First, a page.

FAO Roy Hodgson: England's Future

Where are we?

The England squad for the Brazil '14 World Cup reveals a much-demanded chance for our future stars. The notable inclusion of Luke Shaw over century-capped Ashley Cole along with 19 year old "best youngster in Europe",(according to club manager Brendan Rodgers) Raheem Sterling. Breakthrough stars Adam Lallana of Southampton and Ross Barkley of Everton are in line for possible starting positions too, with established early 20's Daniel Sturridge, Jack Wilshere and Joe Hart adding youthful experience. With a blend of youth, experience and lower expectations, England go to Brazil in a better place than of many previous World Cup campaigns. Although our group has the unfortunate label "the group of death" due to our position surrounded by Uruguay, Italy and Costa Rica, it will be a test England must overcome someday to win the prize we so desperately would love to win again. There are no easy matches in a World Cup, which rules put an easy stroll to the final. It will be hard, which is what makes it the greatest prize to win of all Footballing competition.

Issues to be addressed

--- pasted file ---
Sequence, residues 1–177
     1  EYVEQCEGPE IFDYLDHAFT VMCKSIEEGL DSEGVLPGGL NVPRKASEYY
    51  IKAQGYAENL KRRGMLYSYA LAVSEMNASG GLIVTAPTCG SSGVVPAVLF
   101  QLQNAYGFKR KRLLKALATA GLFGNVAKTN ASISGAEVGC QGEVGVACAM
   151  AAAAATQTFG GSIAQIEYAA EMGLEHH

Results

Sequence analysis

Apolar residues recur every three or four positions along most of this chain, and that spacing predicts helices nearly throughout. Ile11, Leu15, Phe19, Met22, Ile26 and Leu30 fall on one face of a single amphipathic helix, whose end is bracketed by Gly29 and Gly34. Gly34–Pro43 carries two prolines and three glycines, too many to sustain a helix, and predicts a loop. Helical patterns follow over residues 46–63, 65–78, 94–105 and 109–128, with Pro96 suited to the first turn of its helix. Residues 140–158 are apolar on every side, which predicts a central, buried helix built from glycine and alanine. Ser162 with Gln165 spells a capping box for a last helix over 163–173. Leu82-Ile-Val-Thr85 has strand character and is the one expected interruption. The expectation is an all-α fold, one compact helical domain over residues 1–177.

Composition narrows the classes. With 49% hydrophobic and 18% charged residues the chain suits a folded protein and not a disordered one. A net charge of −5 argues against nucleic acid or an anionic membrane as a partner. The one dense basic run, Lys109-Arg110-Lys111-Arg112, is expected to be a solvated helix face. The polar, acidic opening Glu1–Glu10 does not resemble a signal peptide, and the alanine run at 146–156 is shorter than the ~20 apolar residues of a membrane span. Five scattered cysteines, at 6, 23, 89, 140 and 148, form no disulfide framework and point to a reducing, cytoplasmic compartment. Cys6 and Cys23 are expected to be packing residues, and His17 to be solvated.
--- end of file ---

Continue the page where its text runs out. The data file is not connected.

Steven Gerrard has indicated that his tenure as captain will be over beyond the World Cup. This provides a problem for Roy Hodgson, who could appoint a multitude of candidates. An obvious choice would be icon Rooney, but this selection could prove to be a double edged sword on the biggest stage. Rooney's World Cup goal duck is yet to be broken, the Manchester United striker having never proven his worth at a World Cup. Statistics show that when Rooney goes into hiding, England collapse. Another candidate is Joe Hart, but for his talents, an outfield organiser would be preferred. As Gerrard's example shows, a captain should be a manager's Commander on the pitch. The talented Jack Wilshere could take the armband, but injury has let to inconsistency in his game and with a fraction of the experience and knowhow of Gerrard, is this a wise choice? Perhaps Gary Cahill of Chelsea is a choice worthy of consideration. His regular starting position is rarely in doubt and experienced consistency could provide Hodgson with a valuable ally on the field.